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Wendy Schmidt Is No Longer a Rookie at the Maxi Cup


Last year, the American sailor Wendy Schmidt helmed Deep Blue, the new Botin 85 sailboat she owns, on its inaugural run at the Maxi Yacht Rolex Cup. One of very few women skippers in maxi racing, Schmidt stood out from the fleet, winning the start and placing fifth in her class.

She starting sailing in 2007 when she was 52 years old. “My husband didn’t think I would spend much time on the boat because I was a tennis player,” she said. “But I ended up going out every single day. It’s been a gradual seduction ever since.”

Schmidt finished third at the Les Voiles de Saint-Tropez last year and also placed third this year in her class of Les Voiles de St Barth Richard Mille.

This year, Schmidt, 67, a philanthropist who is married to the former Google chief executive Eric Schmidt, returns to Porto Cervo, Sardinia, with her mind on racing and spreading the word on ocean restoration. The following conversation has been edited and condensed.

Tell me about your debut last year at the Maxi cup.

We launched in 2020, but weren’t able to race her until 2021 because of the pandemic. We managed to practice in partial groups of our crew. We arrived as the new kid on the block.

This was our first race. We felt pretty darned good about staying up with those boats that have been around regattas for years. But the thrill for me was the start. You’re going 12 knots and crisscrossing with these big maxis. You need to time it just exactly right.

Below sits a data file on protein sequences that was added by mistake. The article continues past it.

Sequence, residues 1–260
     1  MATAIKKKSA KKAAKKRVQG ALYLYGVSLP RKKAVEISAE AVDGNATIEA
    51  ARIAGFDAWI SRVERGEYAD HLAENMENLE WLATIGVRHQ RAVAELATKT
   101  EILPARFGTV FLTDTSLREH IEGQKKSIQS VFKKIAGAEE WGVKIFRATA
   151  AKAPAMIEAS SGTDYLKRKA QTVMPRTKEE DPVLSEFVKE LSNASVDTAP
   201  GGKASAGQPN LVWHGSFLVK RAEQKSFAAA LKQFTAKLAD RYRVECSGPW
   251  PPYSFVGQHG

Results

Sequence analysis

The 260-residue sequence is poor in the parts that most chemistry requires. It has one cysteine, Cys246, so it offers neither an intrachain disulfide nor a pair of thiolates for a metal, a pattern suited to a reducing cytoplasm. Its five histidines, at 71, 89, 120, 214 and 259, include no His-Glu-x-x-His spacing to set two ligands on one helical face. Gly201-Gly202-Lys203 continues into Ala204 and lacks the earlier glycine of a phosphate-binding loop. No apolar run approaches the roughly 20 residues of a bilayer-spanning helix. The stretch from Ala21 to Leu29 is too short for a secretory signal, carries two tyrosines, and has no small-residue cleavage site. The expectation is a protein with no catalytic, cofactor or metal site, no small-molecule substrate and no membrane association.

What do you hope for your return to Porto Cervo?

I don’t think we’ll do anything differently. We’ve made some improvements on the boat. That’s a constant course for any boat. But it’s always about playing. When do you get a chance to get 25 people together on a boat from different countries speaking different languages doing amazing things together? That’s the attraction.

What’s your approach to being a skipper?

There’s a great sense of family in my crew. I’m in awe of the skills around me. They know things I don’t know. Everybody on the crew knows something, and nobody knows everything. You are a collective brain and rely on each other, and deeply trust every single person on that boat. You have to do everything well together in concert like a ballet. When I’m driving, I’m looking at my instruments. I’m listening to my trimmer, tactician and navigator. It’s an enormous task of concentration and focus.

Even when you feel a boat breathing down your neck and coming fast, you don’t turn your head and look because you might turn the wheel a little bit. You need to practice focus. When you do, it becomes a Zen-type place.

What’s it like being one of very few women skippers in maxi racing?

I grew up in a household of four brothers. It never occurred to me there was anything I couldn’t do. I don’t really think about skippers as a gender role. There are some extraordinary women in sailing rising to the highest echelon of the sport. There are a lot of challenges for women in their lives and getting into this kind of work, but it isn’t impossible. The only challenge for me is the limit of physical strength. I’m not a big person, and I’ll never be strong like a big guy.

Finally, how can we restore the ocean?

It begins with connection, understanding and caring. The biggest threat to the ocean is ignorance. Understanding what we don’t know about the ocean is absolutely fascinating. Most of life on earth is hidden from us. Sailors are the most natural advocates for ocean health. They go places nobody goes and see things nobody sees. When you start to ask them what’s changing in the ocean, they’ll tell you.

Our group — 11th Hour Racing — wants to transform the sailing industry and change the way regattas operate. We do that through demonstrations that get people thinking about the ocean. There are concrete changes that can be made — races with zero waste, refillable bottles and water stations. I think it’s setting a new standard on how the race world should work.



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